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1 April 2013 Sensitivity of Systematic Net Sampling for Detecting Shifting Patterns of Incidence and Abundance in a Floral Guild of Bees at Larrea tridentata
James H. Cane, Linda J. Kervin, Robert McKinley
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Measuring shifting patterns of occurrence and abundance among members of pollinator guilds is critical for studies of their ecology, conservation and contribution to host pollination. The constitution of floral bee guilds is not readily interpreted from passive sampling of bee communities (e.g., pan or Malaise traps). Net collecting at flowers positively associates bee and flowering species, but do sampling biases of individual net collectors obscure real spatiotemporal dynamics in floral guilds of bees, or generate spurious differences where no changes have occurred? The diverse guild of bees foraging at 1-ha plots of creosote bush (Larrea tridentata) was systematically net sampled by practiced collectors along randomized belt transects across the Chihuahuan, Sonoran and Mojave deserts. These guild samples were compared by Horn's Index of Similarity, evaluating the magnitude of collector biases contrasted with geographical and temporal variability in guild composition. Simultaneous samples taken by several collectors were always more similar than those by the same collector in sequential years at a site (0.86 vs. 0.54) or concurrently at neighboring sites (0.84 vs. 0.61). Pooling collectors' site samples did not alter spatiotemporal estimates of guild similarity. Repeated seasonal samples by three collectors at one site were very similar for any given day (0.90) with the more experienced pair being particularly consistent and similar (0.96 ± 0.01). Seasonal changes of the guild were readily detected and quantified. Thus, aerial net sampling provided reliable estimates of temporal and spatial dynamics of the Larrea bee guilds once the sampling protocol had been practiced. We recommend systematic aerial net collecting of pollinators at counted floral host plants to quickly and reliably characterize pollinator guilds quantitatively. Systematic net sampling of bees taken at a sequence of randomly chosen individuals of a given flowering species offers a reliable and replicable means of efficiently quantifying variability and change in such floral guilds of bees. The method should find application for conservation, agriculture and habitat management involving bees and other insect pollinators.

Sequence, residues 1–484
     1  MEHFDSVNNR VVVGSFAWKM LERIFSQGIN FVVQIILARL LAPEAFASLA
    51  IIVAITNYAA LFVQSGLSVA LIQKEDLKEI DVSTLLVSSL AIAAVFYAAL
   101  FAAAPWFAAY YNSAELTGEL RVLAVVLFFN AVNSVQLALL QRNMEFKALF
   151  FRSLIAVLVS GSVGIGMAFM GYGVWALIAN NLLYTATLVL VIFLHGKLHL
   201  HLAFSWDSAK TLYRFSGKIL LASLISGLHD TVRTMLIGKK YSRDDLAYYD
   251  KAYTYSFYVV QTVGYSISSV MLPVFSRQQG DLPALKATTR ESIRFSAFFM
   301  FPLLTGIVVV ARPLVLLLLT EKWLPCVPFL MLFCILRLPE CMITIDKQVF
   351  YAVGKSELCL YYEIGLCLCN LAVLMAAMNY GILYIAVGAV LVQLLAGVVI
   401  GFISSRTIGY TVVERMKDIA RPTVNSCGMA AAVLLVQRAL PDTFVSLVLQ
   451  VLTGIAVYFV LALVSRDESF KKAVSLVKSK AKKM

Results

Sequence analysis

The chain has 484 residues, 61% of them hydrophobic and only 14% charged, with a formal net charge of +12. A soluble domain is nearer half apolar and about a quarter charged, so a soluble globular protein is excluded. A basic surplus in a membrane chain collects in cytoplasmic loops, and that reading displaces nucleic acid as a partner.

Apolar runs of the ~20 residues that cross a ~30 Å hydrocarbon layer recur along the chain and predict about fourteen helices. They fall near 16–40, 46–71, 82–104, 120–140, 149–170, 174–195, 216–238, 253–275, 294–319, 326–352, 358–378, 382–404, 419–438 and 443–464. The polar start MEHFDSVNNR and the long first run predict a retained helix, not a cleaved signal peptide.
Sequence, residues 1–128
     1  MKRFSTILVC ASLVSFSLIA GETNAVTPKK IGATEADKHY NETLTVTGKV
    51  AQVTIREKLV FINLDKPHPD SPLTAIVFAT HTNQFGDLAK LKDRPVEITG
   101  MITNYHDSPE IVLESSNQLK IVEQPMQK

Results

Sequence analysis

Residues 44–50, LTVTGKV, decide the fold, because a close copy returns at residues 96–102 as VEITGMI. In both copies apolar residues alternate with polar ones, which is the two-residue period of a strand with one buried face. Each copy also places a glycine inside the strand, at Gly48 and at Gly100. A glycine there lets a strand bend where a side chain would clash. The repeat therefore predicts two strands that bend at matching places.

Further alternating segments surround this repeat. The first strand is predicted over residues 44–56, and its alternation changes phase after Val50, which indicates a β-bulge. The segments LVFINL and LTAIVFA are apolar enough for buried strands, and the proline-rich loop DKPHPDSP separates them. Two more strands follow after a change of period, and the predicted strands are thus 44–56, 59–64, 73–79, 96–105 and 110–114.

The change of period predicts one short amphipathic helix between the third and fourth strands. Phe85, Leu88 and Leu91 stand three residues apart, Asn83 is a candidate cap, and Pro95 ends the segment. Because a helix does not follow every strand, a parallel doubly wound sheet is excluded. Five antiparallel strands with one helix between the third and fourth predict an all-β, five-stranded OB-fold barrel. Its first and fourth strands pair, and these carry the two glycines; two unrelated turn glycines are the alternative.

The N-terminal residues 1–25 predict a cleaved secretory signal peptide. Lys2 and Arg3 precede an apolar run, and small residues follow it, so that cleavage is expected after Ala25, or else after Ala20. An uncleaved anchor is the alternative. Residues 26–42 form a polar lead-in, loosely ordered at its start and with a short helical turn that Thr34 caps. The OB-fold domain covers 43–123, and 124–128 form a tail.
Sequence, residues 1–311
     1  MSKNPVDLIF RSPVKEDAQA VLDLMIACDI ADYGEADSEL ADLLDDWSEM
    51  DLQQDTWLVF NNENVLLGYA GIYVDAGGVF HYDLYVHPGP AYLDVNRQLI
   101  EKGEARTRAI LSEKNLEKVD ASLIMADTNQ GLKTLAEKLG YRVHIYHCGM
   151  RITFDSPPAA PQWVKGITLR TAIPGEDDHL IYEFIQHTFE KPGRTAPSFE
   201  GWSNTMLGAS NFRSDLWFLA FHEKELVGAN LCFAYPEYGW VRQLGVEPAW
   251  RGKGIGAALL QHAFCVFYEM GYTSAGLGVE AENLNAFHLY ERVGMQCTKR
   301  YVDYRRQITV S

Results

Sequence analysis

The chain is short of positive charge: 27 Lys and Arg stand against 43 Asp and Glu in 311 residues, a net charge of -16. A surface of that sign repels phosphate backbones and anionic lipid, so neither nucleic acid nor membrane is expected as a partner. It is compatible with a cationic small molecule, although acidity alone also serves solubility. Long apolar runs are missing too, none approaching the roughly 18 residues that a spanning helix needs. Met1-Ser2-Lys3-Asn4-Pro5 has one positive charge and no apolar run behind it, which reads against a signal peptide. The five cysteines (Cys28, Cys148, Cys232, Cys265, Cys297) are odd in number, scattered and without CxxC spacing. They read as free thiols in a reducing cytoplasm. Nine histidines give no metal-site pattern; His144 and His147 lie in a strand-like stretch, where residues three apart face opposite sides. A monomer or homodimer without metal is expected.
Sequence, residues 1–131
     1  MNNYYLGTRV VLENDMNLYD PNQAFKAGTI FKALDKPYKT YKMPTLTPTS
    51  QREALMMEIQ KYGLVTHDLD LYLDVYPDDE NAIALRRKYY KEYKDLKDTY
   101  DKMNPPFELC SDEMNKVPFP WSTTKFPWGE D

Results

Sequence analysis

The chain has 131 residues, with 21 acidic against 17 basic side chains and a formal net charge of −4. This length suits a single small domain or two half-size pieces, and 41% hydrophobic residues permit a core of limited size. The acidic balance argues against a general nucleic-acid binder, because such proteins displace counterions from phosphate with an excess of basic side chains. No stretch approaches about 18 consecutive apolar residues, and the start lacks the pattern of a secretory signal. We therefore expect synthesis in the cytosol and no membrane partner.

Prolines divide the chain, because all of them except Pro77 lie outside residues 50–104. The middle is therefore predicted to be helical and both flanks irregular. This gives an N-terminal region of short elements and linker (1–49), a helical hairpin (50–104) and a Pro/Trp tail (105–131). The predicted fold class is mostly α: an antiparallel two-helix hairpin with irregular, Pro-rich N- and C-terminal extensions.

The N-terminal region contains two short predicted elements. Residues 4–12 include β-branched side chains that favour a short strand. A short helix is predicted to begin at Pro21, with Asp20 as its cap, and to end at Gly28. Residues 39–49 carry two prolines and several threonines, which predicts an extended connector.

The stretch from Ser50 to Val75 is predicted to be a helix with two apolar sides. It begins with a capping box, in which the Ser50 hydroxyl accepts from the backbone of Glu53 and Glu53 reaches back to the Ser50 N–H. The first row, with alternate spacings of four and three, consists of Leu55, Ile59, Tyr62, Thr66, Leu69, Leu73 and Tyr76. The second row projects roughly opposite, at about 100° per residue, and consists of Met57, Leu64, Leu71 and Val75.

Kansas Entomological Society
James H. Cane, Linda J. Kervin, and Robert McKinley "Sensitivity of Systematic Net Sampling for Detecting Shifting Patterns of Incidence and Abundance in a Floral Guild of Bees at Larrea tridentata," Journal of the Kansas Entomological Society 86(2), 171-180, (1 April 2013).
Accepted: 1 May 2013; Published: 1 April 2013

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